The recruitment and use of children is one of the six grave violations against children during armed conflict. Every year, tens of thousands of children—both girls and boys—are used by armed forces and armed groups in a variety of roles such as fighters, cooks, porters, messengers and spies—and for sexual purposes.

More than half of current UN peacekeeping operations take place in countries where child soldiers are used. For peacekeepers, the presence of children in armed forces and armed groups presents immediate and complex political, tactical and operational challenges. The psychological effects of encountering child soldiers can be severe and may affect peacekeepers long after they have returned home.

Canada developed the Vancouver Principles in partnership with the Roméo Dallaire Child Soldiers Initiative and in consultation with the UN, child protection actors and key UN Member States. The following partners helped develop the Implementation Guidance for the Vancouver Principles:

UN Member States that have endorsed the Vancouver Principles

Founding endorsers (As of November 15, 2017)

  1. Argentina
  2. Armenia
  3. Australia
  4. Austria
  5. Bangladesh
  6. Belgium
  7. Bosnia and Herzegovina
  8. Brazil
  9. Cambodia
  10. Canada
  11. Chile
  12. Colombia
  13. Croatia
  14. Czech Republic
  15. Denmark
  16. Dominican Republic
  17. Estonia
  18. Fiji
  19. Finland
  20. France
  21. Germany
  22. Greece
  23. Guatemala
  24. Hungary
  25. Ireland
  26. Israel
  27. Italy
  28. Jordan
  29. Latvia
  30. Lithuania
  31. Luxembourg
  32. Malaysia
  33. Mexico
  34. Montenegro
  35. Nauru
  36. Norway
  37. Poland
  38. Portugal
  39. Romania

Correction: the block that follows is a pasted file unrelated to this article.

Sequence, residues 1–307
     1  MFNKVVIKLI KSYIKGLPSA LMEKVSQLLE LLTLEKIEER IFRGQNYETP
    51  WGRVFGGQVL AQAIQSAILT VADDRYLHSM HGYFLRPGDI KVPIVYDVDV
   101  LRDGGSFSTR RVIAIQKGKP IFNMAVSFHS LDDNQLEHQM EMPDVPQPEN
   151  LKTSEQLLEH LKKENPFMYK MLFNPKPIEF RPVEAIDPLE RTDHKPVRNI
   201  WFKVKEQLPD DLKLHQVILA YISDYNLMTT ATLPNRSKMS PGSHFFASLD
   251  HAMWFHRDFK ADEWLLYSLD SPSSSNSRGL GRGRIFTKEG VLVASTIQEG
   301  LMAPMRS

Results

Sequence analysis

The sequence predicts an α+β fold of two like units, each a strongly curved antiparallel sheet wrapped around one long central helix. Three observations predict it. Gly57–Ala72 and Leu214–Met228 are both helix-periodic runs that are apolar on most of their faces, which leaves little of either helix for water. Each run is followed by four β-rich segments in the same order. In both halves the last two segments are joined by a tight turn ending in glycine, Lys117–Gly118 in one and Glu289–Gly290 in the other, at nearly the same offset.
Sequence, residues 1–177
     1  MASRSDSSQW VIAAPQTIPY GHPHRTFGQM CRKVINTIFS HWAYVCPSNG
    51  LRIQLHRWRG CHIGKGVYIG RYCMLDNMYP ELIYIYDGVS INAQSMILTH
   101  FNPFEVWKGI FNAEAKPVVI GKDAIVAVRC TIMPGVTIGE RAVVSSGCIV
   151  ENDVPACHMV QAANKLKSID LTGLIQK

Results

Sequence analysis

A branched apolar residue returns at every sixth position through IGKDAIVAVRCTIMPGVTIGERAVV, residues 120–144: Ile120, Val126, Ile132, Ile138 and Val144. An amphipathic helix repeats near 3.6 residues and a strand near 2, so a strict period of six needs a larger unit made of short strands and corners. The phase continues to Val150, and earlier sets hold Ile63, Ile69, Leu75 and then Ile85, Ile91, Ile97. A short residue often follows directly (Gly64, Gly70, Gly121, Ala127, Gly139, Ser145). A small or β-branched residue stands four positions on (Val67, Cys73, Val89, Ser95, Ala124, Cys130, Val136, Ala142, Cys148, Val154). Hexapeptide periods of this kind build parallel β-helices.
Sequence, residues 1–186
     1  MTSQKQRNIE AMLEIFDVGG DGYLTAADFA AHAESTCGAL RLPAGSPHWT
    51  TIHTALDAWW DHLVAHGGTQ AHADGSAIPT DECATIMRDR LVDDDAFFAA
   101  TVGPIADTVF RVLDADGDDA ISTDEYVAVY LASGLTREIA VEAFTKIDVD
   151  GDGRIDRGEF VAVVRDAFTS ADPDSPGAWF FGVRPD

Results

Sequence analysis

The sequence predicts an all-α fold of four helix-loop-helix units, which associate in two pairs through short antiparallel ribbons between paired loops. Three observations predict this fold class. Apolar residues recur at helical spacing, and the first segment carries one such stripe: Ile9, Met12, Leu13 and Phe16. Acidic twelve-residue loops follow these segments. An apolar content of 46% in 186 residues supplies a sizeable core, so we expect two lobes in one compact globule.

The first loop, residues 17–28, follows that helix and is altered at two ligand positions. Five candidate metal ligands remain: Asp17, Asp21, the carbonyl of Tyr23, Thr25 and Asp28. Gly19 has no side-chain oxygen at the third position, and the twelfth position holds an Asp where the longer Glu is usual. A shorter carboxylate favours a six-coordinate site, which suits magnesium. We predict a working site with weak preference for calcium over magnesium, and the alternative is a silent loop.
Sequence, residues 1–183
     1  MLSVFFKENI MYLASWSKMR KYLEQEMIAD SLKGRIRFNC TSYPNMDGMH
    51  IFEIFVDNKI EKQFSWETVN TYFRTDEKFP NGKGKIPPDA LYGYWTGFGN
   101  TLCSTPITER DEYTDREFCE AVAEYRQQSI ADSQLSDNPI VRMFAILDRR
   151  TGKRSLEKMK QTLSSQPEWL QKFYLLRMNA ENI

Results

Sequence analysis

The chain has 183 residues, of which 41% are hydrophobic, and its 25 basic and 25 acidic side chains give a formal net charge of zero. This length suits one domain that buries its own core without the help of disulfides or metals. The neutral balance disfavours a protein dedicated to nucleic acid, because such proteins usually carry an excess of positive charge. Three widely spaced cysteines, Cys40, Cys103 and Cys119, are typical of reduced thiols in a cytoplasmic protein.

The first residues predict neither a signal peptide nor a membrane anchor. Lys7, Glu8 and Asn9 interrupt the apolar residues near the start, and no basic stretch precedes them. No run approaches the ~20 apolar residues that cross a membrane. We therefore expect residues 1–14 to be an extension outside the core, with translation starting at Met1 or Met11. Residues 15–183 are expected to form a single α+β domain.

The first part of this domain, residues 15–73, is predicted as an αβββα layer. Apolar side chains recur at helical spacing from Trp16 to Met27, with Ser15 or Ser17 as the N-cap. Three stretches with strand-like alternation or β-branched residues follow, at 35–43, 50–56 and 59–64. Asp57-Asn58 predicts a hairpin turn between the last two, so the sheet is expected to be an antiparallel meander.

40. Rwanda
  41. Serbia
  42. Sierra Leone
  43. Slovakia
  44. Slovenia
  45. South Korea
  46. Spain
  47. Sri Lanka
  48. Sweden
  49. Tanzania
  50. The Netherlands
  51. Uganda
  52. Ukraine
  53. United KingdomFootnote 1
  54. Uruguay
  55. Vietnam

Additional endorsers (As of October 1, 2019)

  1. Albania
  2. Andorra
  3. Belarus
  4. Bulgaria
  5. Burkina Faso
  6. Cameroon
  7. Central African Republic
  8. Chad
  9. Costa Rica
  10. Côte d’Ivoire
  11. Ecuador
  12. El Salvador
  13. Gabon
  14. Georgia
  15. Honduras
  16. Iceland
  17. Japan
  18. Kazakhstan
  19. Kenya
  20. Kuwait
  21. Lesotho
  22. Liechtenstein
  23. Macedonia
  24. Malta
  25. Moldova
  26. Monaco
  27. Morocco
  28. New Zealand
  29. Nicaragua
  30. Palau
  31. Peru
  32. Qatar
  33. San Marino
  34. Senegal
  35. Seychelles
  36. Singapore
  37. Sudan
  38. Thailand
  39. The Gambia
  40. The Philippines
  41. Tunisia
  42. Zambia

Existing international framework

The Vancouver Principles build on and complement the existing international child protection framework, such as:

“Additional tools, such as the Paris Principles, the Safe Schools Declaration and the more recent Vancouver Principles, should also be endorsed by every Member State. We can join forces to advocate for these endorsements.

“This is important because norms matter. Endorsements and ratifications of international agreements bring us one step closer to their implementation in contexts where they can have a real impact in children’s lives.”

- Virginia Gamba, United Nations Special Representative of the Secretary-General for Children and Armed Conflict